David Small and Tillie Walden’s memoirs reveal defining moments from their childhoods, such as their findings of emotional support and avenues of self-expression outside of the bounds of their families. Small’s “Stitches” contains a page of three panels showing his younger self hugging the leg of his psychologist for comfort. David’s parents were not prone to physically embracing their children, and as such, this moment presents a critical turning point for the young cancer survivor as he finally allows himself to cry over the situation his parents placed him in (for it was his father who gave him cancer, and both chose to hold off on their son’s surgery) as well as find a parental surrogate in the form of his psychologist. The zoom in over the three frames as well as the constancy of David’s image in the first two frames — which changes with a solitary teardrop in the third — ensure that readers take a notice of importance to this transformation, for this is the moment that begins Small’s eventual rise over the trauma of his childhood. Walden’s mother in “Spinning” also offers little to her daughter in the form of compassion when she finds out Tillie is homosexual, and as such the hug between Walden and her cello teacher, Victoria, is similarly critical; since the crux of Walden’s moment lies not in Tillie’s tears and expression of emotion (for young Tillie cries at multiple points, unlike David in his memoir), the framing of five panels keeps both Tillie and her teacher’s faces in view (though Walden’s is more clearly shown so readers see the emotion she is expressing to Victoria), as the object of this page is to demonstrate Tillie finding an individual she can connect with and be comforted by. The tears of the second and sixth panels are only shown in medium shots to grant importance to their embrace, which is shown initially in the first panel’s closeup.

Tracing from “Spinning” by Tillie Walden. The initial closeup of Tillie and Victoria’s embrace highlights the emotional support gained from their close relationship.

The overall contextual patterns of the two memoirs help illustrate why Small chose to use a large, two-thirds-of-a-page filling panel to illustrate his moment of expression as opposed to Walden’s decision to use six evenly-sized panels to portray hers. Small structured his memoir so that each “part” of the graphic novel (as divided and distinguished by “I was…” titles and full-page illustrations) has a clear critical point of his story he wishes to convey; for instance, the first “part” presents the aggressive forms of expression his family possesses in contrast to his expression through sickness. As such, Small presents a large closeup of David’s tear ⁠— which is then followed by multiple panels displaying a metaphorical rain representing his resulting outflow of expression and acceptance — to clearly communicate to readers the monumental turning point this moment entails. The “climax” of “Spinning” when Tillie decides to finally quit skating, is purposefully given a display lacking dramatization to correspond with her mother’s uncaring reception of the news. Hilary Chute declares in “Why Comics?” that “auteurist comics … offer the singular intimacy of one person’s vision of the world,” and Walden, in designing her memoir, showcases her own subjective reflection of events by presenting a tale with less clear story beats, which are in tune with young Tillie’s lack of certainty and indecision throughout the graphic novel. As such, her hug with Victoria is presented through evenly sized shots that aim at showing not a singular point of transformation, but rather her appreciation for a common (yet until then, not acquired) display of affection she yearned for, which, along with other moments, helped her grow and eventually decide to quit ice skating.

Tracing from “Stitches” by David Small. The single tear marks a critical moment upon which David begins to express himself in a healthy way and eventually break free from the cruelty he has faced in his childhood.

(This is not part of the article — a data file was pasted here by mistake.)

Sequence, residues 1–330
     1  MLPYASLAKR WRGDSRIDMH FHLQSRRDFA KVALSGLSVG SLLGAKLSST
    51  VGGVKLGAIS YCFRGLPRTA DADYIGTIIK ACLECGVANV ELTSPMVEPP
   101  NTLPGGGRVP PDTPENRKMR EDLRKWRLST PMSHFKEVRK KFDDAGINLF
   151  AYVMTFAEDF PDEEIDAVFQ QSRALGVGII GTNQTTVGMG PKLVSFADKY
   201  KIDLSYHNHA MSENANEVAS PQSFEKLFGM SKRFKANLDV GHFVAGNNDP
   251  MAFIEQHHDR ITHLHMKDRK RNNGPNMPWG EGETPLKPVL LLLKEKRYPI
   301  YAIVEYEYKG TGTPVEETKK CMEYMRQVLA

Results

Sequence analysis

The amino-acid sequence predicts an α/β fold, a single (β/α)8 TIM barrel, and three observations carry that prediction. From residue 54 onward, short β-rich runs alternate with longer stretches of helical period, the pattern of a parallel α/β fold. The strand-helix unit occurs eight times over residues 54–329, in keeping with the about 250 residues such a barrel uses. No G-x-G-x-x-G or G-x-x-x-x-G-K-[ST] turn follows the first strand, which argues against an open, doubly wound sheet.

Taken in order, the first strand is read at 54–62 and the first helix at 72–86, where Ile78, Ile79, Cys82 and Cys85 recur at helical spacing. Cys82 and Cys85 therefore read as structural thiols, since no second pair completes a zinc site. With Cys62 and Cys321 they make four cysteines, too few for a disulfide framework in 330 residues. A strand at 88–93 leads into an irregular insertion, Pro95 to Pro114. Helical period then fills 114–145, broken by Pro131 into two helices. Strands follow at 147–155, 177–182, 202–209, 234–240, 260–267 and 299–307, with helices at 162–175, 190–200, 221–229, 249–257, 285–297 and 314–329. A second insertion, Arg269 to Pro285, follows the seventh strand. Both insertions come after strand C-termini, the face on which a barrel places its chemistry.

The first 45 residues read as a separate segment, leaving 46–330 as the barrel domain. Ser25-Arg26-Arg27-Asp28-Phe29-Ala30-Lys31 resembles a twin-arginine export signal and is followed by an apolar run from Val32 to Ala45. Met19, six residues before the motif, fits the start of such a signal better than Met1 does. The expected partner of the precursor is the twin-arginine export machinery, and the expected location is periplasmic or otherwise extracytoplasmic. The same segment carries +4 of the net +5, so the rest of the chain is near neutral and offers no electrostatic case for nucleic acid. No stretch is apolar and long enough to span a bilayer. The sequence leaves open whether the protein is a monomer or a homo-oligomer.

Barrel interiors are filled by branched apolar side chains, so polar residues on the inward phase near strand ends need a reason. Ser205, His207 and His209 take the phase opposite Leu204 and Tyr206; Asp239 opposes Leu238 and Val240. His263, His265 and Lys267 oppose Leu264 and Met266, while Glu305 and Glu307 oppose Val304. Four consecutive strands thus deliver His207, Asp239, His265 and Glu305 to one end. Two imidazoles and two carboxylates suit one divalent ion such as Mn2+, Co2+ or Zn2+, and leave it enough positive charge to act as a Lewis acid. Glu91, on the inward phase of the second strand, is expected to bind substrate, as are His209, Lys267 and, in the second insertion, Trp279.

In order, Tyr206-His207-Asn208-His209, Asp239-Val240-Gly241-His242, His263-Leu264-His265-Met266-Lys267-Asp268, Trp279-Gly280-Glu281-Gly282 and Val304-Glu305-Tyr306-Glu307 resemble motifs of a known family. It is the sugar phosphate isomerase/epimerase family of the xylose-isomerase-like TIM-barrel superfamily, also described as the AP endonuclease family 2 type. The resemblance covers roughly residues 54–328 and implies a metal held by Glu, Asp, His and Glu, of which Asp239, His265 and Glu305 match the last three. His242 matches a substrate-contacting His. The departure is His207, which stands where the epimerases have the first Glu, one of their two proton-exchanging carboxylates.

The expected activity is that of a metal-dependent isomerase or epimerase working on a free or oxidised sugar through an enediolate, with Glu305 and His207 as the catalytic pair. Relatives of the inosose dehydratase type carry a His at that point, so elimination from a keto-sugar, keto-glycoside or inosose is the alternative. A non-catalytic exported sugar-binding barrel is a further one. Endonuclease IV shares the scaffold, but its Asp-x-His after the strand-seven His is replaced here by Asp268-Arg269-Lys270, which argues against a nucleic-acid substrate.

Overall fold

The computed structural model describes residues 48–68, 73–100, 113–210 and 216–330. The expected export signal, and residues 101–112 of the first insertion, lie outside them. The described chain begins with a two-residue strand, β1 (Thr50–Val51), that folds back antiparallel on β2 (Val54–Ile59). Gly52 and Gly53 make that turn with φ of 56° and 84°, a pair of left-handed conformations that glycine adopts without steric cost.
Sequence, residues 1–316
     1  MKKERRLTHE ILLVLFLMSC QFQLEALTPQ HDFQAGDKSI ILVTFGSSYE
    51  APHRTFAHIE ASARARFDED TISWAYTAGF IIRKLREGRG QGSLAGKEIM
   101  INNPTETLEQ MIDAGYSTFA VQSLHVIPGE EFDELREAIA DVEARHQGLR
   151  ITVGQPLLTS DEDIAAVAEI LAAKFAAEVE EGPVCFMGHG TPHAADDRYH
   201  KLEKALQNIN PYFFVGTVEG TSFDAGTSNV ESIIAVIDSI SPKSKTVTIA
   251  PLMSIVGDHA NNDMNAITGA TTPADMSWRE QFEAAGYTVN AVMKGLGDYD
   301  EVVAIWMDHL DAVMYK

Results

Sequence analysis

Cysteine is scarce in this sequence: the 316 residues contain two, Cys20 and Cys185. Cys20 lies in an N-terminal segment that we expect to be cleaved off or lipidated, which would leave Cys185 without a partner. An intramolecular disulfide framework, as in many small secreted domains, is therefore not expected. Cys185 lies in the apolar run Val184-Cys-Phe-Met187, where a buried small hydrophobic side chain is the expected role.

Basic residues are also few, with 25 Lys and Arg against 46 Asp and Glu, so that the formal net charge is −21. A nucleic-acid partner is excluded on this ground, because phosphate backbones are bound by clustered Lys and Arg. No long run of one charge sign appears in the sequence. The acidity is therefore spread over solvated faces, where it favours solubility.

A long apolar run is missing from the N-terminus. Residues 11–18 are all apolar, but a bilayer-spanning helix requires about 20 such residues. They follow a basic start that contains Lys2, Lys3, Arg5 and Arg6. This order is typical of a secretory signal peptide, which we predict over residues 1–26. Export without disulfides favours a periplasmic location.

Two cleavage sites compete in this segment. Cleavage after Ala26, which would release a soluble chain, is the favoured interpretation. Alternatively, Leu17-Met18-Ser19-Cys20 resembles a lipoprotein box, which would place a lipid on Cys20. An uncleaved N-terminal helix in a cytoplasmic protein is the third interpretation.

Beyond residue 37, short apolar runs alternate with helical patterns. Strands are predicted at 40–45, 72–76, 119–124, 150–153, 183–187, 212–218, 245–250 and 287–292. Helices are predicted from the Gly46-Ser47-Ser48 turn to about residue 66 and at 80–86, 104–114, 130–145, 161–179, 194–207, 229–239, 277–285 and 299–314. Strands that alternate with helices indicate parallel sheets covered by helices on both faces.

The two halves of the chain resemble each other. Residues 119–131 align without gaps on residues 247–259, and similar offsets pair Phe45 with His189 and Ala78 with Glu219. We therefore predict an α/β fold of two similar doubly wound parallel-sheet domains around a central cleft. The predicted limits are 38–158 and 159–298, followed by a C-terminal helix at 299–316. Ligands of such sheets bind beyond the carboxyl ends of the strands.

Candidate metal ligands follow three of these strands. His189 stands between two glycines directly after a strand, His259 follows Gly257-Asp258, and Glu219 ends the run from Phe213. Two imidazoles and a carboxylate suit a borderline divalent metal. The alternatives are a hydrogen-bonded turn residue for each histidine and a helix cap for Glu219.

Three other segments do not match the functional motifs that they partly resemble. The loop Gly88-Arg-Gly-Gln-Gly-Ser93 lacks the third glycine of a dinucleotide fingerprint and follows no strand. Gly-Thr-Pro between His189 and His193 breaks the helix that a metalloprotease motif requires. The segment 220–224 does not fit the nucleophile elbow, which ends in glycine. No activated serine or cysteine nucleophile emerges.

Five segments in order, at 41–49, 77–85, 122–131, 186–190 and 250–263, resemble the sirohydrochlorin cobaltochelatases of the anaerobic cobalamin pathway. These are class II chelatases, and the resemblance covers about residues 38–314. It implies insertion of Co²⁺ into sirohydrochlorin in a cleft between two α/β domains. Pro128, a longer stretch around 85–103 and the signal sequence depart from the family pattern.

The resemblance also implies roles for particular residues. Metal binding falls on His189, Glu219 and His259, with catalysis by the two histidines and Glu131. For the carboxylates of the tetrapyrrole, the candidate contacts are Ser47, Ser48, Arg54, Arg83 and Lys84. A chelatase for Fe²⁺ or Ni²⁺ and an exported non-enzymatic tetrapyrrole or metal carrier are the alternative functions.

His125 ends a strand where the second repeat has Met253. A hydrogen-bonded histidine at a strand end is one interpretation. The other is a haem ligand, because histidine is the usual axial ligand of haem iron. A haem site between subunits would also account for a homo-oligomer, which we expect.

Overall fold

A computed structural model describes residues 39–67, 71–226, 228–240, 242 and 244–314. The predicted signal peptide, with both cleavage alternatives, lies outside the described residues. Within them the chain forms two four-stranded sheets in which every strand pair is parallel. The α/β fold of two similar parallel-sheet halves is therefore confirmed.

“Stitches” and “Spinning” portray moments of emotional expression and comforting embrace, and Small’s memoir emphasizes the prior while Walden’s, the later. There is an overarching theme of self-expression in Small’s story, with David’s progress largely marked by finding healthy means of working out and conveying how he feels despite losing his voice. Hence, Small creates frames that present closeups of David’s face, excluding that of his psychologist, so that readers may focus on the eventual tear which is critical to the main character’s arc and transition into obtaining positive gains. Along with agency, Tillie gains critical friends in “Spinning” which help comfort her and positively propel her forward. As such, Walden chooses to keep both Tillie and Victoria in frame throughout most of the page, as well sizing the panels so they represent a “regular” yet priceless moment of care which she longed for.


Chute, Hilary. Why Comics?: From Underground to Everywhere. Harper Collins, 2019

Small, David. Stitches: a Memoir. W. W. Norton & Company, 2013.

Walden, Tillie. Spinning. First Second, 2017.

Sketches of “Spinning”

When Tillie Walden, the author of memoir “Spinning,” comes out as homosexual to her friends and family, the young skater’s opening up is not met with much love and support from most, yet her cello teacher, Victoria, offers her acceptance in the following page which I’ve traced and analyzed.

Tracing of a Page from “Spinning” by Tillie Walden

The higher angle of the fourth panel draws our eyes up towards Victoria as Tillie would and the closeup shots of the first, second, and fifth panels maintain a close framing of Tillie’s grateful reaction to her teacher’s acceptance. Medium shots from the waist up (as seen in the fourth and sixth panels) pull back from the emotional intensity in time with the pull backs from embrace the two characters experience, yet the embrace and therefore “connection” between them is kept even in the final frame; Victoria is, and will, be there for Tillie.

Sketches of “Stitches”

I’ve traced out a page of David Small’s memoir “Stitches” for some thorough analysis and selected the scene in which David, with the help of Dr. Harold Davidson, begins to express himself and come to accept the cruel reality of his parents’ abuse.

Tracing of a Page from “Stitches” by David Small

The closeups of David’s face draw attention towards the change in the final frame of a solitary tear, which leads to a metaphorical downpour in the following pages (a transition which the unbounded final panel prepares for). The importance of this scene lies in Small’s transition into expressing his emotions in a healthier way, and as such, the White Rabbit (which represents Davidson, his psychologist), is out of frame for the whole page except for his pants leg which David cries into; the emotional transition Small wanted us to focus on was his own, so the framing ensures a focus on David in this moment.